In my career of writing for B2B audience, I have done my share of inane – writing case studies and solution briefs. It can get pretty rough when there is only so much you can do about the format, and the clients keep hammering for ‘something different’. Honestly people, how many different ways can you write a case study of why you are better, cheaper, awesomer ? If you listen to what Trump says in most of his speeches, not many. For those who are not familiar with the basic format, it comes down to the following. There are many different ways to make it seem like it’s different, but it’s just these three things.
1. You Have a Problem, and we know it’s a BIG Problem
Americans losing jobs is a real problem. It’s very personal for anyone, and there is an immediate connect. It’s what you aim to do as a marketer, magnify existing problems. The more dire the situation your buyer is in, the better chances of them listening to anyone and everyone. If you make a compelling case, you get one foot inside the door, and have them listening to what you have to say. Next step is to tell them why it’s a problem
2. Nobody will admit it, but here is why this is happening
Will people listen to you if you just tell them, “hey I know you have a problem.” Of course not. Tell people why they are losing their jobs, and they would agree to almost anything you say as long as you don’t say “Because you aren’t good”. Blame it on almost anything or anyone else, and people will be more open to listen to you. If you say something that they might already have a little bias about, bingo! All you need to do now is to tell them what you are going to do about it.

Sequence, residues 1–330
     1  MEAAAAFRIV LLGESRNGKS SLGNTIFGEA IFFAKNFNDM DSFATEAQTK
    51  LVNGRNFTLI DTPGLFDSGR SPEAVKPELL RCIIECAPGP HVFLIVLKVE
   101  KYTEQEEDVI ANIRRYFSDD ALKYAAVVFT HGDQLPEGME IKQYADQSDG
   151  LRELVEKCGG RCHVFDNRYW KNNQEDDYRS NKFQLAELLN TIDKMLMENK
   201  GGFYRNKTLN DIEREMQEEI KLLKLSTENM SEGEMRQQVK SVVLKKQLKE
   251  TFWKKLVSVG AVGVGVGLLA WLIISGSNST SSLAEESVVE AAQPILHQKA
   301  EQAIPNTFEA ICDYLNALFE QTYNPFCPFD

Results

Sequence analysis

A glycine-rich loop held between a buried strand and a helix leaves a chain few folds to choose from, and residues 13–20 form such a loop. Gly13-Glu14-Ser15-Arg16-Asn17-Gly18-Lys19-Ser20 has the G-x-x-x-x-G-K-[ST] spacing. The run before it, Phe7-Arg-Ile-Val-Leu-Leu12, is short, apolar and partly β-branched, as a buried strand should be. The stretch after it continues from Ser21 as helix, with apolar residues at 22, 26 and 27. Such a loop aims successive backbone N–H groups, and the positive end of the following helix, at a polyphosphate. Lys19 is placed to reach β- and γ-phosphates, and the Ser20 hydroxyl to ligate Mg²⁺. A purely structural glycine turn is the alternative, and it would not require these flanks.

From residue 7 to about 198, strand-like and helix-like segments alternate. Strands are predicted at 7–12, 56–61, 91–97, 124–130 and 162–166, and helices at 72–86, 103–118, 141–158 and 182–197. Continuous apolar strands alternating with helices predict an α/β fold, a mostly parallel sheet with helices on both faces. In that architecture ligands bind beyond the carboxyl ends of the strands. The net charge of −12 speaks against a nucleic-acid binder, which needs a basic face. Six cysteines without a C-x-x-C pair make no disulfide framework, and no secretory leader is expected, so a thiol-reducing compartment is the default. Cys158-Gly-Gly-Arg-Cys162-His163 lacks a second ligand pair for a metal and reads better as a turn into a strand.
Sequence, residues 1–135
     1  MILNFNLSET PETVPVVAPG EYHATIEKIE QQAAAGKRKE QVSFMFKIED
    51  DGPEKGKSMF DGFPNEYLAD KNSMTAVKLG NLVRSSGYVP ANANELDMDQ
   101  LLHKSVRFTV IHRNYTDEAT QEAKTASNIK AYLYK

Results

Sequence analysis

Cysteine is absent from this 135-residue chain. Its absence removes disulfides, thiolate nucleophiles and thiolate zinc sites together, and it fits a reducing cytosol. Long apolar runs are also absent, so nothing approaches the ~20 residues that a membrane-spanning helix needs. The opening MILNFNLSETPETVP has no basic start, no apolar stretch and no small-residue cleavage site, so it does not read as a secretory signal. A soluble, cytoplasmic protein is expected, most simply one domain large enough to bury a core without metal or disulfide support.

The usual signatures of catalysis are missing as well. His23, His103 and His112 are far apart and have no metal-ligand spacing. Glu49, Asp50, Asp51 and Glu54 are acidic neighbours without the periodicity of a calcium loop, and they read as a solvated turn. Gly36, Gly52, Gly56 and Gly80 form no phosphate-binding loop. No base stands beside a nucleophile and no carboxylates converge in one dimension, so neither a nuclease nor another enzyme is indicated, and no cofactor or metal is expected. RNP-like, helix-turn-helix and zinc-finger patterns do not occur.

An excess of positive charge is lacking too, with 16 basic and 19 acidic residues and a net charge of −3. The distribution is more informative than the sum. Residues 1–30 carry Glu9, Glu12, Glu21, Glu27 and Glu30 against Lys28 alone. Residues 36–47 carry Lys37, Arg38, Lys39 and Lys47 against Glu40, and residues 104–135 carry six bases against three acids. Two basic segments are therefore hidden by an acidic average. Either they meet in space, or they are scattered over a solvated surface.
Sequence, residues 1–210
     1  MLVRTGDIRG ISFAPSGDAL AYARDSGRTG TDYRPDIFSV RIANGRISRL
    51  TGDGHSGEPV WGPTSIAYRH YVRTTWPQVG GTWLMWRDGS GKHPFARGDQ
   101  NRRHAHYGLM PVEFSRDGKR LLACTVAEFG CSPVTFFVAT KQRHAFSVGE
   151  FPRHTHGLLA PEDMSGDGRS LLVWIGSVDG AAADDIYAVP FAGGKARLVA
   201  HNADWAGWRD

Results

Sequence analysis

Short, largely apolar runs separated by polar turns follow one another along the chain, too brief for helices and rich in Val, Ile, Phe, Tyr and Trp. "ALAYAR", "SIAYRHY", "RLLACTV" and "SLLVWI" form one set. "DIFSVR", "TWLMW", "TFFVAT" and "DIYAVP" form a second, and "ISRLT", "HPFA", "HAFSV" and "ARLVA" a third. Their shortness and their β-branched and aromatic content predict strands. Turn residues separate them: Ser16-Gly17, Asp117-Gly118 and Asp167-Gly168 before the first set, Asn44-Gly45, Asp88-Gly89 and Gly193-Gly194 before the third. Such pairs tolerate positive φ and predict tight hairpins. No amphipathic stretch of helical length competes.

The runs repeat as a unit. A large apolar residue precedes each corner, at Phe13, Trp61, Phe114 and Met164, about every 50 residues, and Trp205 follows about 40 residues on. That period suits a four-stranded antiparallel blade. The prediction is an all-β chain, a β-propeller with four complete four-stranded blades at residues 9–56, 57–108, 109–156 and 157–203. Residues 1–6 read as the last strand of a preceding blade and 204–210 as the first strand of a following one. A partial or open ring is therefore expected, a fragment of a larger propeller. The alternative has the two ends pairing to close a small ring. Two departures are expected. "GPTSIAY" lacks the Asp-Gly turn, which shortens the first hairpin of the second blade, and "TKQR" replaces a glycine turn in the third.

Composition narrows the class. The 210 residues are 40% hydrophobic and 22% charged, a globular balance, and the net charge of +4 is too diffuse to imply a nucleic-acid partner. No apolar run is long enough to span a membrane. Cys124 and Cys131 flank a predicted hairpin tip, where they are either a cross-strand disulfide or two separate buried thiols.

3. Here is how we’re gonna make things awesome for you!
The last part is the ‘proof’ of the concept. It’s the most critical part of a case study, and this will decide if people buy into what you are saying. Your past records, how you helped certain XYZ company, and bunch of other ‘proof points’, it all comes down to why people should believe in you. However
The stronger biases of the audience, the lesser proof they need
Have you observed this effect anywhere else? Let’s look at Apple. Of course they make great products, but because their buyers are so heavily into the Apple ethos, they don’t require much convincing to buy the latest phone. Oh sure they will crib about how the latest one is not up to the standards, but they will buy it anyway.
Now, this usually works when people are buying property, or software, or pretty much anything. Would Donald Trump be right in assuming he could use this completely transparent strategy to win support for America’s most important position? Apparently he would be, based on the nominations, and the initial lead he got after the Republican convention. There is a long way to go still, but certainly Trump has managed to create a splash!